In addition, each of our colleagues has personal concerns that are often not made explicit. If we are oblivious to the unspoken feelings and agendas, our ideas may be rejected for reasons that have nothing to do with their validity. To be effective advocates for the users, we must first understand the needs of those who are using our information, and we must find ways to respond to their needs as well.
Case Examples Applying the Guidelines
We present several examples in which people have applied these guidelines to practical interpersonal dilemmas. In each case, the UCD person began with a common-sense approach that backfired because of dynamics in the organization. The UCD professional then used one or more of the guidelines to understand the problem and clarify how to resolve it. (Although based on real situations, the names and details have been changed to protect privacy and confidentiality.)
Case Example #1: Paul’s Prototype
Paul, a user-interaction designer, created a prototype design for the home page of the company’s sales site. The company offers several versions of its product: a lower-priced, basic version for the average consumer; and a higher-end version for the business user. Paul presented his design at a meeting with Lisa, the product manager; Larry, the marketing manager; and Rosa, the Web developer.
On the basis of the company’s research, Paul concluded that pictures and graphics confused customers. They responded best to simple, uncluttered, and clear designs. They also resented efforts at hard selling, which generated distrust of the product and the company. From these findings, Paul created a prototype using a simple page with text and no graphics, asking three qualifying questions to determine which product is most appropriate for the customer.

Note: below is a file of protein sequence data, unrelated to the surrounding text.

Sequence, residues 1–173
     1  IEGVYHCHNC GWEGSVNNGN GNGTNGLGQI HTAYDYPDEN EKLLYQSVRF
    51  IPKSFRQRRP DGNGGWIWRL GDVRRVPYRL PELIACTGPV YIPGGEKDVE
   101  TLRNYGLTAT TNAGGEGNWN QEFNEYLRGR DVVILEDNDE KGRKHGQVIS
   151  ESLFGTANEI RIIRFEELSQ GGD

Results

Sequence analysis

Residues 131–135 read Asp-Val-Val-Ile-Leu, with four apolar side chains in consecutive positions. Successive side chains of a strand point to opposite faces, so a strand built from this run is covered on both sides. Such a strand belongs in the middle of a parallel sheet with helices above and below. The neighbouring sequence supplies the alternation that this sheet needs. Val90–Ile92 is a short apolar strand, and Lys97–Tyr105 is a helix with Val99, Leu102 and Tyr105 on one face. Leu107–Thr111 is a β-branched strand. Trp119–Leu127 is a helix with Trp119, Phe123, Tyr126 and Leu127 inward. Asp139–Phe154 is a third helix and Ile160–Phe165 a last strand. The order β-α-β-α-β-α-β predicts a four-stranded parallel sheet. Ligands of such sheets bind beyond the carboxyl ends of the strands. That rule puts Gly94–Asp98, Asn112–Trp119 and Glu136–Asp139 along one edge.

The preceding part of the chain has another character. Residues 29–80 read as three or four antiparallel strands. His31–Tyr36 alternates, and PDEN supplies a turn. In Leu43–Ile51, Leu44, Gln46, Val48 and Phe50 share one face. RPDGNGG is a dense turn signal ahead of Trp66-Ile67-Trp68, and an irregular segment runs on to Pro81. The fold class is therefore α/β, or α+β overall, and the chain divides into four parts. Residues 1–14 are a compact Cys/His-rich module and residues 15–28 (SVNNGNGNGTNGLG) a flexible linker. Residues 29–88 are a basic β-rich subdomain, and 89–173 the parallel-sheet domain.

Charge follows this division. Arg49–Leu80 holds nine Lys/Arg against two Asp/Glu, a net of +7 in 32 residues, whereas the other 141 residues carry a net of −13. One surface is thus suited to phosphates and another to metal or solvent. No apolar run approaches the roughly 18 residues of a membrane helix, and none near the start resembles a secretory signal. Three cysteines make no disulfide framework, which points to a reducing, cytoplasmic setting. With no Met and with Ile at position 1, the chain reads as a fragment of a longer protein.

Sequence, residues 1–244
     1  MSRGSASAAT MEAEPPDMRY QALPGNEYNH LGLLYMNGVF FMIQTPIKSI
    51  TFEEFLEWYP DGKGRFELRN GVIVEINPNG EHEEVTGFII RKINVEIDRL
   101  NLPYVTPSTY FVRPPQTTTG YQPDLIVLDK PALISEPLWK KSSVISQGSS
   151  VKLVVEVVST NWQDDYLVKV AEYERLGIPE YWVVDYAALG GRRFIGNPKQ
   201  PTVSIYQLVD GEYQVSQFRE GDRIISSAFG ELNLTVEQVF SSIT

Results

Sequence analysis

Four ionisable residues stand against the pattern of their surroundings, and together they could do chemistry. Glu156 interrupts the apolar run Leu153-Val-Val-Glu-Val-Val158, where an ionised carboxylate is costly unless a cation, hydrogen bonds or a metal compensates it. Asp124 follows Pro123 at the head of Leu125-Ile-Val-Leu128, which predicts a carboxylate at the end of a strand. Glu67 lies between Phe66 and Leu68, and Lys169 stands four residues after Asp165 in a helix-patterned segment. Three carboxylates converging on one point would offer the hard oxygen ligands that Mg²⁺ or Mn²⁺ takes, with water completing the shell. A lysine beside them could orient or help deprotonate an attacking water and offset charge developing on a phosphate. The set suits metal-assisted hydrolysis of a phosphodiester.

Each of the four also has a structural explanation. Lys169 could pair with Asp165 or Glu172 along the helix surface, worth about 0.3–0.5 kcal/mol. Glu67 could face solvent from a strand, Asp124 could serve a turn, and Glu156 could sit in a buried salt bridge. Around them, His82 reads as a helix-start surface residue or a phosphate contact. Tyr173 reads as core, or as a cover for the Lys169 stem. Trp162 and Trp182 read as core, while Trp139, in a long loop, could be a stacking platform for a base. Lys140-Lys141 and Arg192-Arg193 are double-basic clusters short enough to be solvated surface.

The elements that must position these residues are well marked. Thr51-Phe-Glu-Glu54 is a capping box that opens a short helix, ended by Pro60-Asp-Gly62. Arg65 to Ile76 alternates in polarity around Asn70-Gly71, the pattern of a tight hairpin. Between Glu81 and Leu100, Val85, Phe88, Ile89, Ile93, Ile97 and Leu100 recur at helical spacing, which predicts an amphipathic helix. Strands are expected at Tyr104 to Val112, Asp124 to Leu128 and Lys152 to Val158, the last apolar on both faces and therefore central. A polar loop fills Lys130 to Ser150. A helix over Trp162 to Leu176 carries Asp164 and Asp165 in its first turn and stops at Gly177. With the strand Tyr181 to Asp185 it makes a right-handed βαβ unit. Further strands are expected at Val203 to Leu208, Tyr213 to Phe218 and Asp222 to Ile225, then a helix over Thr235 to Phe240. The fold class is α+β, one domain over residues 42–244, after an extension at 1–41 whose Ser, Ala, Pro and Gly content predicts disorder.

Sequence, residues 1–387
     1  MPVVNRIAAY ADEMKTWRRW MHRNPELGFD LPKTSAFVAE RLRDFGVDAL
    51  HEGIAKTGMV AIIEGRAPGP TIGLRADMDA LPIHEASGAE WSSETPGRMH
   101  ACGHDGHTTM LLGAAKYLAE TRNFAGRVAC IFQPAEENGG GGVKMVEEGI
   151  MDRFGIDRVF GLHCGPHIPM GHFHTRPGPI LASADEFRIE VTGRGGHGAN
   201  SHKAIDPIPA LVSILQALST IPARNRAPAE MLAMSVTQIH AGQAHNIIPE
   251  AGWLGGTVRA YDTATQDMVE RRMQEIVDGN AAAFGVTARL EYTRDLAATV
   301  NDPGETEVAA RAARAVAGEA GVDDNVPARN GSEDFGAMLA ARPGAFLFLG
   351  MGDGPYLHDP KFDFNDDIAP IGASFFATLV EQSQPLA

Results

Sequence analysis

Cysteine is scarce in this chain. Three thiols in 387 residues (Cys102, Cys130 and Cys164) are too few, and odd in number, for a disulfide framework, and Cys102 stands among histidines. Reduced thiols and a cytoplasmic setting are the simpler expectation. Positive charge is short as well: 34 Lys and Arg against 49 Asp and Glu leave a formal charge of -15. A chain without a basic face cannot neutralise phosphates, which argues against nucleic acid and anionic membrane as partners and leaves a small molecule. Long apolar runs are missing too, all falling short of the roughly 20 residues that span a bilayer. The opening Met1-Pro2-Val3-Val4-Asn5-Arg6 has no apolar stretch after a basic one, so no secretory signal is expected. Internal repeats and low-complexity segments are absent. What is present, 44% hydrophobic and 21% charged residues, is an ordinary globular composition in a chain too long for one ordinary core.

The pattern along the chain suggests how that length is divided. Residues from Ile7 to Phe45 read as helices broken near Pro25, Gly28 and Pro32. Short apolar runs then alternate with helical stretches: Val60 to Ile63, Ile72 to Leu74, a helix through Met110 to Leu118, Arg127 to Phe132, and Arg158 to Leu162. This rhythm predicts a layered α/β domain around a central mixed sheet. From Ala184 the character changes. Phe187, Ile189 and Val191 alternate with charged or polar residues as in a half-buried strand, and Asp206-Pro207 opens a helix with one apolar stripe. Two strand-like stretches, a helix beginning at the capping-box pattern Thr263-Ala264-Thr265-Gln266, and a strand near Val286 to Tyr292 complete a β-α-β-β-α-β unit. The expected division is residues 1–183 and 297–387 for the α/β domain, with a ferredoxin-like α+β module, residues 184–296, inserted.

Larry is surprised and upset. He thinks the design will influence customers to buy the cheapest version. He wants customers to be encouraged to buy the most expensive version. Rosa is also critical of this new design because this change in the home page has to be coded from scratch. She does not have enough time to do it with the current schedule.
To make matters worse, Lisa, who has the authority to make a final decision, is not focused. Every few minutes she leaves the meeting to talk to someone on her cell phone. Paul repeatedly tries to explain the reasons for his design, referring to his PowerPoint presentation that summarizes his research methodology and findings. Neither the marketing manager nor the developer pays much attention to the graphs and tables. They talk to one another, agreeing that this proposal is neither viable nor practical.